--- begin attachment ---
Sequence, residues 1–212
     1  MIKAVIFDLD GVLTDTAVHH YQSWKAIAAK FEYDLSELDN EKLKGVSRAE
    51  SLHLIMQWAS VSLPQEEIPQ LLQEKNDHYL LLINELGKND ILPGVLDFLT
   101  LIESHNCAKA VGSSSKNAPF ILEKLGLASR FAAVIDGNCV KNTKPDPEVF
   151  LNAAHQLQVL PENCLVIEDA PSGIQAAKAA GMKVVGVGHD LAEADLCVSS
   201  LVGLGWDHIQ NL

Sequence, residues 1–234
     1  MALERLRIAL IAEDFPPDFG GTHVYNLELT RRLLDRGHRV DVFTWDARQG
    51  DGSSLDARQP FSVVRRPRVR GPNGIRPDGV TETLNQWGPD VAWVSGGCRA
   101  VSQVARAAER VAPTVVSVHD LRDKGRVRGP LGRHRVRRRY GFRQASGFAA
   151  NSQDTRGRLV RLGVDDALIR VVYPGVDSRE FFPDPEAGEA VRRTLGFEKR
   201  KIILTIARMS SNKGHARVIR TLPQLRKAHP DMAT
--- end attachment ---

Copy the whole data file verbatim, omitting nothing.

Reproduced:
Sequence, residues 1–212
     1  MIKAVIFDLD GVLTDTAVHH YQSWKAIAAK FEYDLSELDN EKLKGVSRAE
    51  SLHLIMQWAS VSLPQEEIPQ LLQEKNDHYL LLINELGKND ILPGVLDFLT
   101  LIESHNCAKA VGSSSKNAPF ILEKLGLASR FAAVIDGNCV KNTKPDPEVF
   151  LNAAHQLQVL PENCLVIEDA PSGIQAAKAA GMKVVGVGHD LAEADLCVSS
   201  LVGLGWDHIQ NL

Sequence, residues 1–234
     1  MALERLRIAL IAEDFPPDFG GTHVYNLELT RRLLDRGHRV DVFTWDARQG
    51  DGSSLDARQP FSVVRRPRVR GPNGIRPDGV TETLNQWGPD VAWVSGGCRA
   101  VSQVARAAER VAPTVVSVHD LRDKGRVRGP LGRHRVRRRY GFRQASGFAA
   151  NSQDTRGRLV RLGVDDALIR VVYPGVDSRE FFPDPEAGEA VRRTLGFEKR
   201  KIILTIARMS SNKGHARVIR TLPQLRKAHP DMAT